Complementing the University of Virginia’s total advising initiative, the Office of African-American Affairs is responding to national issues facing college graduates, especially in preparing for careers in a rapidly changing work environment, with a new wide-ranging strategy.
Total advising, part of the University’s Cornerstone Plan, combines high-quality academic advising, career advising and coaching, plus networking relationships with U.Va. alumni. The Office of African-American Affairs’ published literature calls it “cluster mentoring.”
The office recently began a new phase in its programming, especially through the Luther Porter Jackson Black Cultural Center, to give black students the opportunity to learn a well-rounded set of skills that will help them become leaders after leaving the Grounds.
In this “strategic leadership phase,” as Dean Maurice Apprey calls it, “we want to train our students to have multiple and nimble skill sets so they can go from one employment to the next more easily and seamlessly. We want to be intentional about this alignment of skill-building with liberal arts and science education.”
The cultural center, led by newly hired assistant dean and director, Michael Gerard Mason, will insert more leadership skill-building into the existing Black Leadership Institute so that its programs can foster enhanced mastery of skills from self-confidence to project management within the microcosm of U.Va. as practice ground for future careers.
African-American students can take a four- or five-session workshop over the semester in non-academic marketable skills, for which they’ll receive a certificate of completion. Session goals include:
- understanding their personal and ethnic identity and how that plays into developing a professional identity;
- learning about the history of African-American student leaders at U.Va. to provide a context for their own activities and the meaning of civic responsibility; and
- community-building and networking among student associations and with alumni.
The fall session focuses on “Civil Resistance, Nonviolent Movements and the College Student Experience,” and the spring session on “Capacity Building through Strategic Advising.”
The first session will provide a context for black activism, teaching students how the strategies and skills used in the Civil Rights Movement emerged, Mason said.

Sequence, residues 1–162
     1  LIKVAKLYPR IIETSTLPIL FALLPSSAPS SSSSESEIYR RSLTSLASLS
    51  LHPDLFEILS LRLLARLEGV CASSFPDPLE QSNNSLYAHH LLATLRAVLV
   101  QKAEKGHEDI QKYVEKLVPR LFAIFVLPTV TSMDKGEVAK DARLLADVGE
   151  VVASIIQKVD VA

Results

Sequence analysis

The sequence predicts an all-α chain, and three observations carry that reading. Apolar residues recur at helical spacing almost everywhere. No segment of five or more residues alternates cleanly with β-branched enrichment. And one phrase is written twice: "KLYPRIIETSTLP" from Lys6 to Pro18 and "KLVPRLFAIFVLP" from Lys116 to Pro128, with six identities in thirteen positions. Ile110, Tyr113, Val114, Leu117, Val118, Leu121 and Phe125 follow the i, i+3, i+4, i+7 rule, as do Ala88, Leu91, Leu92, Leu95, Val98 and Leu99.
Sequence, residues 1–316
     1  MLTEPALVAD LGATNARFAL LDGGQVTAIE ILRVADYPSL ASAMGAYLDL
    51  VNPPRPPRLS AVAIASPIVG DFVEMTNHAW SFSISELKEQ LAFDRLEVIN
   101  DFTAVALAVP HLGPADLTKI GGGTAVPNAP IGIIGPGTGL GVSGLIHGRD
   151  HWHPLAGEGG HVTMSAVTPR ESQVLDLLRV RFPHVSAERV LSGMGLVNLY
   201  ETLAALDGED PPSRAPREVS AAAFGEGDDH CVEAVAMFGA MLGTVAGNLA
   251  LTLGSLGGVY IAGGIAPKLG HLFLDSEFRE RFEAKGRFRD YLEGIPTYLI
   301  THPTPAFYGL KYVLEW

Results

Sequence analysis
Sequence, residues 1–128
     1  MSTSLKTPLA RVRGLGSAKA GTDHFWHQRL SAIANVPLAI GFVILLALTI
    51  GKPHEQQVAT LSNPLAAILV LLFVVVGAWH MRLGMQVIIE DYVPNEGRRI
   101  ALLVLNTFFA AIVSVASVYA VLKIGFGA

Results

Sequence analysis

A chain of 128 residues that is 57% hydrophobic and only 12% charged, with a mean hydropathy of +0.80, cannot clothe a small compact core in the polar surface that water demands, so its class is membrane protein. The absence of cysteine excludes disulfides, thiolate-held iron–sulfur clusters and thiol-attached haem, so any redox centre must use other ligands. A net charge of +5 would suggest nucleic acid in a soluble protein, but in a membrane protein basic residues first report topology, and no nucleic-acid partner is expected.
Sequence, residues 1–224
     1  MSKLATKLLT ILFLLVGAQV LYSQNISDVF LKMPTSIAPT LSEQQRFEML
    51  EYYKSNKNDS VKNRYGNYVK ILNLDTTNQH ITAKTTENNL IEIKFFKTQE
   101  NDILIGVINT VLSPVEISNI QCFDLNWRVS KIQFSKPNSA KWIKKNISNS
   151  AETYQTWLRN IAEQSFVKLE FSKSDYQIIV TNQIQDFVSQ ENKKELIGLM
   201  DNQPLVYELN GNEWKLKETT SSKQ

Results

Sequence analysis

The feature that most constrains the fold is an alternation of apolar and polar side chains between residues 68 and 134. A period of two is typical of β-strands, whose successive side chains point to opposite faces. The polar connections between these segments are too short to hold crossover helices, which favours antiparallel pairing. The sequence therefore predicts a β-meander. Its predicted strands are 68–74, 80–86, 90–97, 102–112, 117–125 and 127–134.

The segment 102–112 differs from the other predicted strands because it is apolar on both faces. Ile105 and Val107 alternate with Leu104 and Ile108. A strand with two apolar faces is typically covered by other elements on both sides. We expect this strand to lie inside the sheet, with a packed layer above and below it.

Without a thorough understanding of the historical context, “protesting is like having a fork, but not knowing how to cook,” he said.
The Office of African-American Affairs scrupulously keeps data on its programs. Once its academic administrators see positive results of the efficacy and success of this initiative, they will offer them to other units on Grounds to adjust and scale up the offerings across U.Va., Apprey said.
The office has already accomplished this with Project RISE, a culturally relevant, one-on-one, peer-counseling program created in 2006. RISE stands for “resolving issues through support and education.” Housed in African-American Affairs, the program receives technical support from the U.Va. Parents Fund, the Office of the Vice President and Chief Student Affairs Officer and Student Health’s Counseling and Psychological Services.
“’Hoos Helping ’Hoos” launched last year to broaden the reach of Project RISE’s culturally relevant framework. Interested students must first take the course, “Peer Counseling Theories and Skills,” to gain early experience with the principles and techniques necessary to the helping professions, before applying to either program. The course prepares students for student support roles at the University, including peer adviser, peer health educator, resident assistant and Helpline supporter.
The sessions also aim to “equip students to begin to understand at the core why we have programs like Green Dot bystander training. The program prepares them for University-wide initiatives,” Mason said.
Mason, who joined the Curry School of Education’s Counselor Education program in 2008, teaches the peer counseling course, as well as the follow-up course, “Peer Support Program Research, Design and Evaluation.” In 2010, he moved to a clinical position in Student Health as a multicultural specialist, where he served as a staff psychotherapist and liaison to African-American Affairs.
U.Va. has long been the leader among flagship state universities in graduating the highest percentage of black students – 86 percent for about 25 years running, thanks in part to the efforts of the Office of African-American Affairs and its nationally recognized peer-advising program. That success was not enough, however, for Apprey when he became dean eight years ago. He and his staff added a cluster of programs to improve the academic performance and grade-point averages of graduating black students.
The percentage of black students who graduated last year with a GPA of 3.4 or higher has doubled from the percentage in 2006. The office has accomplished this by providing hands-on support for academic and enrichment experiences through its GradSTAR program, for example, which includes more mentoring and tutoring opportunities and information sessions on topics such as time management, study abroad, personal health management and preparation for graduate admissions exams.
Apprey added: “The more engaged black students become with our office, the more prepared they become for the world.”